South Africa have learned lessons from the drawn first Test and are looking for their star bowlers to lead the way in this week's Adelaide Test, wicketkeeper AB de Villiers said on Sunday.
The Proteas salvaged a draw under pressure by batting out 68 overs to finish the final day of the Brisbane series-opener on 166 for five, after trailing by 115 runs in the first innings.
"The bowlers can improve and they know they can," de Villiers told reporters.
"We had our chances, we had opportunities and we just didn't take them. There were a lot of edges and a lot of 50-50 chances didn't go our way."
The 78-Test veteran lamented South Africa's inability to press their advantage home after having Australia struggling at 40 for three in the first innings, only for the hosts to reach 565 for five declared.
"When we had them three down early on, I thought there was an opportunity to really run through the batting line-up," de Villiers said.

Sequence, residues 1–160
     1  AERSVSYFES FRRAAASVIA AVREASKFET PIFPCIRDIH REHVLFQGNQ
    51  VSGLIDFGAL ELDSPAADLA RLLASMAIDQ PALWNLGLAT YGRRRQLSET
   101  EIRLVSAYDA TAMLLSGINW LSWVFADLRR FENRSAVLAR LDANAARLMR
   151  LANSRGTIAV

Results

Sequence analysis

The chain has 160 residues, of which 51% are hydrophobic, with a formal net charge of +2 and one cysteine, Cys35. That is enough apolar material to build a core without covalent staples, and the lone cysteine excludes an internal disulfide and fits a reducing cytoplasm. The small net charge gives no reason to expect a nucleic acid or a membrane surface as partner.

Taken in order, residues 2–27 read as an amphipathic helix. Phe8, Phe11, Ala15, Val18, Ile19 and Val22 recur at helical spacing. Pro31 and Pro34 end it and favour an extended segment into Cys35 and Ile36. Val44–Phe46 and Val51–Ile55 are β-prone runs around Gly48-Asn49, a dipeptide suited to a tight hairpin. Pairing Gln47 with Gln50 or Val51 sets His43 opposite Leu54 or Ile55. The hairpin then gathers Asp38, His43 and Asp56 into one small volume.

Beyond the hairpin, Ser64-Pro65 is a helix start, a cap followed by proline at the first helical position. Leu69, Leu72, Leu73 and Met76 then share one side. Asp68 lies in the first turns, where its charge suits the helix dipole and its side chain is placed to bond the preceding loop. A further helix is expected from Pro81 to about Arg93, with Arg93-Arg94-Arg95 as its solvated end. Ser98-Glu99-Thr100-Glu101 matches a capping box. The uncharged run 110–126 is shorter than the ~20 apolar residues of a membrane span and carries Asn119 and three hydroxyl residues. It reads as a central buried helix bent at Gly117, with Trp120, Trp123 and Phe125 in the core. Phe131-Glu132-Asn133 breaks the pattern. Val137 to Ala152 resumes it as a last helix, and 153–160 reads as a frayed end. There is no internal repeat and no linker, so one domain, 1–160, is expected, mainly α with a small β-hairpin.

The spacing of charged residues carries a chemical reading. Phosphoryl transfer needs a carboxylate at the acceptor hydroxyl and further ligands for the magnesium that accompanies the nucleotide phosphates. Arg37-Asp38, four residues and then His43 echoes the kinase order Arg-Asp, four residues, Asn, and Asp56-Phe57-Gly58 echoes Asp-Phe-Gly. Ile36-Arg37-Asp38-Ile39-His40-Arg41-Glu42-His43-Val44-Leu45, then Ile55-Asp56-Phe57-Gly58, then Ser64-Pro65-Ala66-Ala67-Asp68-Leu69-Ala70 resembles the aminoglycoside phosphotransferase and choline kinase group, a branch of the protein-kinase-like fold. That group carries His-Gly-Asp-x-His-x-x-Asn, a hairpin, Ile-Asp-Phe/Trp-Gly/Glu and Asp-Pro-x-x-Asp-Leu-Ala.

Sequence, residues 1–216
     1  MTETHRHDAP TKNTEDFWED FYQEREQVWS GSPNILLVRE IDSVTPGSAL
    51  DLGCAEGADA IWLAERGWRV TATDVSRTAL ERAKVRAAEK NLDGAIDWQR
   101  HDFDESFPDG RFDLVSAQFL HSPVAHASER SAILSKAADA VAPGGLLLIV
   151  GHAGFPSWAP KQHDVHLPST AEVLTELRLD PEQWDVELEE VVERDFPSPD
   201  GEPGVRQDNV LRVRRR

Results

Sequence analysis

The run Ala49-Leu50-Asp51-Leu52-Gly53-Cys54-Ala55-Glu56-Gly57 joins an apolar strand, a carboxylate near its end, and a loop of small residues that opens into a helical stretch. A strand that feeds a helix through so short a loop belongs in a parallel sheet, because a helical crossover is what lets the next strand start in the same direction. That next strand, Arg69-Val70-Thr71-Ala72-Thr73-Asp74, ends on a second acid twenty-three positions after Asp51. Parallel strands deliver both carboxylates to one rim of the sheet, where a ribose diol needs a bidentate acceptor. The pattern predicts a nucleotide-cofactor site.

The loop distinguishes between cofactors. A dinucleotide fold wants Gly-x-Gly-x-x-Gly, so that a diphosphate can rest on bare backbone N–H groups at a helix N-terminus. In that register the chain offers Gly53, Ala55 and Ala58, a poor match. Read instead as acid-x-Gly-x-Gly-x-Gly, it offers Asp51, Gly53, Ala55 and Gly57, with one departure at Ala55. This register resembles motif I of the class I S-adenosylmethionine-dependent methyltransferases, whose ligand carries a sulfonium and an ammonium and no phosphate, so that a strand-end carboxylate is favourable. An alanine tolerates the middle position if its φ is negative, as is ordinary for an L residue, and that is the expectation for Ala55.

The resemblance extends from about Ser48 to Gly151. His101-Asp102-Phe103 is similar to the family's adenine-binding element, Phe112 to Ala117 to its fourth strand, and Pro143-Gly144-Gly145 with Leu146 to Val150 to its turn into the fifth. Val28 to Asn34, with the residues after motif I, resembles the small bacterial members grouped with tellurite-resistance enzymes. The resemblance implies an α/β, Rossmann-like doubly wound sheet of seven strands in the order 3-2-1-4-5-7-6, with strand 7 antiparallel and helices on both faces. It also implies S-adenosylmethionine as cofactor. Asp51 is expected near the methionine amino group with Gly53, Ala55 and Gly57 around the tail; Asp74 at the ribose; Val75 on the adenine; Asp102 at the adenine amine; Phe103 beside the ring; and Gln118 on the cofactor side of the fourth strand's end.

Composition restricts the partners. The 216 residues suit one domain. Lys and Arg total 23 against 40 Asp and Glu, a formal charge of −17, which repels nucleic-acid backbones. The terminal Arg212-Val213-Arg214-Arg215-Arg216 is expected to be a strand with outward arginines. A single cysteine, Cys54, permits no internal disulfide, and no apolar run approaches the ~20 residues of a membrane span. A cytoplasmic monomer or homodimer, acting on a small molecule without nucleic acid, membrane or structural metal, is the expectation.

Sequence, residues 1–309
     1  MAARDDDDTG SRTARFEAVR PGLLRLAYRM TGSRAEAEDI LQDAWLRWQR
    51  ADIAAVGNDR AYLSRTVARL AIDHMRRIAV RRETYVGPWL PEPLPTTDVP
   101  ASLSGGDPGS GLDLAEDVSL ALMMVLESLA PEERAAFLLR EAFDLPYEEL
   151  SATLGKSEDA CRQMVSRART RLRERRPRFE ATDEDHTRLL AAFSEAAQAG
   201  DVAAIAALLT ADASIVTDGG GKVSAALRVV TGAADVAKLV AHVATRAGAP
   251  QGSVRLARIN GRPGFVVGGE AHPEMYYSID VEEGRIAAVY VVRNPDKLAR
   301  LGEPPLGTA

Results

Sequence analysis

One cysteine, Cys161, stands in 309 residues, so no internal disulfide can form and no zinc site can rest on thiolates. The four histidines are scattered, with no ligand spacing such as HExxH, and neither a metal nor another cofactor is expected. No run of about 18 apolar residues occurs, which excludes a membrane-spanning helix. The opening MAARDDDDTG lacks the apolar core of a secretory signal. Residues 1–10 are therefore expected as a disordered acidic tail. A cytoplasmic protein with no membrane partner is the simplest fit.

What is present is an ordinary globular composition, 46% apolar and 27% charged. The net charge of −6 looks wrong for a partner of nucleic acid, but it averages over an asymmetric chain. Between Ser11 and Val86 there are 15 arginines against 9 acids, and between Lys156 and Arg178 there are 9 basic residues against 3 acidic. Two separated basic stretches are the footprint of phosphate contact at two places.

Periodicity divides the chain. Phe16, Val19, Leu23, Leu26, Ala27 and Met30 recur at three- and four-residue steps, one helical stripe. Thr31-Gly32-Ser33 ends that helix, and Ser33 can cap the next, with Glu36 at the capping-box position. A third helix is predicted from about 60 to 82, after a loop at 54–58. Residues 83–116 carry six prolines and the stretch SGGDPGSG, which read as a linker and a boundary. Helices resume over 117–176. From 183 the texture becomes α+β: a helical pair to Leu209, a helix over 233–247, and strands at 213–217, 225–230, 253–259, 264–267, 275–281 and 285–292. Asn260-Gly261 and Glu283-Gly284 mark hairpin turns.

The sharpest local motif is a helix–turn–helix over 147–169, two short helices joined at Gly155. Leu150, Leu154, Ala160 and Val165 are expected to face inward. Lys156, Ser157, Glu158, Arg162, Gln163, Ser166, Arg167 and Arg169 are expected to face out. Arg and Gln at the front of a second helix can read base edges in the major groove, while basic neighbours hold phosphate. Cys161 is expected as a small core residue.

"We still created chances... we just didn't take them, which is a bit of a worry.
"But at the end of the day you're not always going to bowl a team out for 150, 200, you sometimes have to work hard. We beat the bat a hell of a lot... it looks pretty but it's not effective.
"For a really good bowling attack to beat the bat that much but not get the results is disappointing, but what can you do, it's millimetres we're talking about.
"But I believe we will improve in this Test match, we have learnt a lot of lessons."
De Villiers said he had no problems with his troublesome back which flared up before setting off on the Australian tour.
"I felt really good in the first Test match, obviously I spent quite a bit of time on the field," de Villiers said.
"They put us out in the field for quite a few hours and my body did really well to go through that and I think it did me extremely well, to test it out and to see where I am at at the moment.
"And I think I passed with flying colours."
Meanwhile, Australia's injury-prone vice-captain Shane Watson will test his strained calf at training on Monday ahead of Thursday's second Test.
Veteran teammate Mike Hussey admitted he had no idea whether Watson would win his race against time and prove his fitness but he had no doubt Australia were a better team when he played.
"I believe he has been running, so that is positive," Hussey told reporters.
"There are still three or four days before the Test match so I am sure he will be given every opportunity, being the vice-captain of our team."